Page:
The Detroit auto show kicked off with jubilation over the sector's record sales. But there's concern over Donald Trump's attacks on the industry. (Reuters)

DETROIT — The auto industry’s biggest players have gathered at the North American International Auto Show, as they do every January, to showcase their latest electric vehicles, SUVs and pickup trucks. This year, however, the cars varnish over a deepening unease about the industry’s standing with President-elect Donald Trump.

The president-elect has taken to Twitter four times in the new year to laud some automakers and admonish others. The latest to get his attention is Fiat Chrysler, which unveiled plans to grow two U.S. auto plants, creating 2,000 new jobs in the Midwest.

“It’s finally happening,” Trump tweeted. “Fiat Chrysler just announced plans to invest $1BILLION in Michigan and Ohio plants, adding 2000 jobs.”

The Italian-American auto giant, who timed its announcement for the annual auto show, insisted its move was part of a year-old business strategy and not a response to presidential goading. It will continue to make hundreds of thousands of cars south of the border and sell them on American soil.

New policies under the Trump administration, however, such as a proposed 35 percent tax on goods from Mexico, could warp the company’s future.

“It’s possible that if the economic tariffs that are imposed by the U.S. administration on anything that comes into the United States, if they are sufficiently large, it will make the production of anything in Mexico uneconomical,” Fiat Chrysler chief executive Sergio Marchionne said Monday in Detroit, “and therefore we will have to move on.”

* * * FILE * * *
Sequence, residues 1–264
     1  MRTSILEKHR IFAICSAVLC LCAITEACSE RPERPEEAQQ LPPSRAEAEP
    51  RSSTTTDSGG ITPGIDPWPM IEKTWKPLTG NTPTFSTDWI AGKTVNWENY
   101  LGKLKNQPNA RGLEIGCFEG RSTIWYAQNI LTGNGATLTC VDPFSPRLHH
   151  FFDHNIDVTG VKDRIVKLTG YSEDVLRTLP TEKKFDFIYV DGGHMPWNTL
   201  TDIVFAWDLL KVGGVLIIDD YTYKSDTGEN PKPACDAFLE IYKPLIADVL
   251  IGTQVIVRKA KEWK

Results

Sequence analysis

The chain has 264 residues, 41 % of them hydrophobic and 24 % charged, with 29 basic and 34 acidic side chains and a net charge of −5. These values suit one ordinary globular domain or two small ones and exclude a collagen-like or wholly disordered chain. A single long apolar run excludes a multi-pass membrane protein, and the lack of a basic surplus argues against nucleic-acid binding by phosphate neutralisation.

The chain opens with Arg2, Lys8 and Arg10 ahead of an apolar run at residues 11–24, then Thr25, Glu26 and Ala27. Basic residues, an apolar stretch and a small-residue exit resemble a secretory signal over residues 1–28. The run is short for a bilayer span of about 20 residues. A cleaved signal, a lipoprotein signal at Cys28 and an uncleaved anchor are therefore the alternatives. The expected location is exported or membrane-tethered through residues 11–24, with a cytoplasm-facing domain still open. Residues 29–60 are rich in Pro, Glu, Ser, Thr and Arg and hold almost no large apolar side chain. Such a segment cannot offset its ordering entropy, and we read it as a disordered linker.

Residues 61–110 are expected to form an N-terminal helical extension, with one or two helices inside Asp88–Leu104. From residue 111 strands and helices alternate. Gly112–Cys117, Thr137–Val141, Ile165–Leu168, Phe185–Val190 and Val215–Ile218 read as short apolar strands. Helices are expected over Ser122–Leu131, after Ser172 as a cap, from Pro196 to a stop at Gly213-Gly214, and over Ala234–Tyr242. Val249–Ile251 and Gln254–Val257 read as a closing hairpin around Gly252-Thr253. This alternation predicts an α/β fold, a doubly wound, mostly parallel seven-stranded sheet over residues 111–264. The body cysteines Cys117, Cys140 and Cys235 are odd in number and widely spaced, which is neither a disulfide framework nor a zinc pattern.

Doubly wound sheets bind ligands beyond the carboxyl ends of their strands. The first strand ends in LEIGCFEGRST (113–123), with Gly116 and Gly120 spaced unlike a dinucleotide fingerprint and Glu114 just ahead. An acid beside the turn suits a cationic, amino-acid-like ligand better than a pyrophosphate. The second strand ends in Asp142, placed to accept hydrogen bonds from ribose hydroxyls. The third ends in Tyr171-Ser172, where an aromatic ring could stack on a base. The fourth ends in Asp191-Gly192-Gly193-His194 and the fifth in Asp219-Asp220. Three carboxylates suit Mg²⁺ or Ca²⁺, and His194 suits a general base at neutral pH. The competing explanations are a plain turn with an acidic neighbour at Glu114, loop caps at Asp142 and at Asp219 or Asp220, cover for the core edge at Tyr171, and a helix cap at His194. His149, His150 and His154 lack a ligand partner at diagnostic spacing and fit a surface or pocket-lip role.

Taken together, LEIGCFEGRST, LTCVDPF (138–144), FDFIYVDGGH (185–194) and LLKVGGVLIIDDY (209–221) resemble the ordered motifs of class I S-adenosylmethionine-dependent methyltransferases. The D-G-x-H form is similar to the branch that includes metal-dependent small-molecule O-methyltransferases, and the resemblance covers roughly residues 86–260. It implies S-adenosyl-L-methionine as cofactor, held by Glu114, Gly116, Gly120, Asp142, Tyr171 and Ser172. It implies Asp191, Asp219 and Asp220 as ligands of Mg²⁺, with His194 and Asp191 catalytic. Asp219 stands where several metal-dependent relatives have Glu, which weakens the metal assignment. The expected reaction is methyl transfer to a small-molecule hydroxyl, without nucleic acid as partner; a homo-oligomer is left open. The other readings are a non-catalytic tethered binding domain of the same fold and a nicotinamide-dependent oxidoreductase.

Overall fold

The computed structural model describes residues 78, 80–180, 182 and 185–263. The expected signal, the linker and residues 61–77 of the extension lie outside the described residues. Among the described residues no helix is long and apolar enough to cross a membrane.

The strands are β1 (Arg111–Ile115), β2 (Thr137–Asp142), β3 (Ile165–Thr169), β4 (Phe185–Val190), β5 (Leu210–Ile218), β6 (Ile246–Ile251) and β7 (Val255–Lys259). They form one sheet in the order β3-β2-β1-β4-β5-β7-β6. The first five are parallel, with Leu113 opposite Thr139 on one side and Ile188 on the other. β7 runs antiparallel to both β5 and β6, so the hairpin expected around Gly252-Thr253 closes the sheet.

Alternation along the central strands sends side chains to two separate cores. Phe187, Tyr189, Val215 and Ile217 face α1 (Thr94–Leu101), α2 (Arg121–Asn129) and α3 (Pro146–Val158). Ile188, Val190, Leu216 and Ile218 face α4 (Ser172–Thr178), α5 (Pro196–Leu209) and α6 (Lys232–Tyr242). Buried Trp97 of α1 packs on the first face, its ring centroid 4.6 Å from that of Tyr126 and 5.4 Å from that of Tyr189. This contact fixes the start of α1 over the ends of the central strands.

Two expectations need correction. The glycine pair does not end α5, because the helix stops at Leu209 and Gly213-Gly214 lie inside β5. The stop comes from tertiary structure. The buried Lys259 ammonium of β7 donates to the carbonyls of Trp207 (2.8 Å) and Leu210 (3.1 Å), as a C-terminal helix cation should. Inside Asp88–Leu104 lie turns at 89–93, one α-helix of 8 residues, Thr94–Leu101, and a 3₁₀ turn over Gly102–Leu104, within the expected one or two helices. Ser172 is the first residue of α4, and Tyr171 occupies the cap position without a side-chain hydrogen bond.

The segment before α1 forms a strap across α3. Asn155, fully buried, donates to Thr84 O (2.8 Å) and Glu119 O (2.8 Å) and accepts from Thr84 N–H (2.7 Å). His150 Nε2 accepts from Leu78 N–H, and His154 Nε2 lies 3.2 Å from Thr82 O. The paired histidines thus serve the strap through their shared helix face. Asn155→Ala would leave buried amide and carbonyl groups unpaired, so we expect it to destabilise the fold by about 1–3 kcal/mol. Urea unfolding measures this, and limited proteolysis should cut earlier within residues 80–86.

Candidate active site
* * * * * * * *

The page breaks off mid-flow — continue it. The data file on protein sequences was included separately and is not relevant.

Asked about future investments in Mexico, Marchionne, poked at the uncertainty under Trump, saying he won’t change course in the country without a stronger understanding of the future trade climate.

“I need clarity,” he told reporters in Detroit. “I need rules. And right now, they’re all on the table.”

Trump’s attacks have forced some automakers to defend their contributions to the U.S. economy, and left others quietly pondering what happens if they, too, wind up in the crosshairs.

He blasted General Motors on Jan. 3 for making a much smaller number of U.S.-sold Chevrolet Cruze hatchbacks in Mexico. He condemned Toyota two days later for opening a new plant in Mexico (though he got the location wrong).

“I think Trump’s impact on the auto industry will be the number one question that auto executives here are asked,” said Michelle Krebs, a senior analyst at AutoTrader.com. “You can feel his presence here.”

The auto industry supplies about 10 percent of manufacturing jobs in the United States. Still, invoking the steady decline of auto jobs stirs up powerful nostalgia.

“It’s a pretty iconic American industry,” said Josh Bivens, the research and policy director at the Economic Policy Institute, a Washington think tank. When Trump mentions the country’s gradual loss of car-making jobs, “he is harking back to the past, when the auto industry played a larger role in building the country.”

Other auto companies have used the show to trumpet investments in U.S. manufacturing.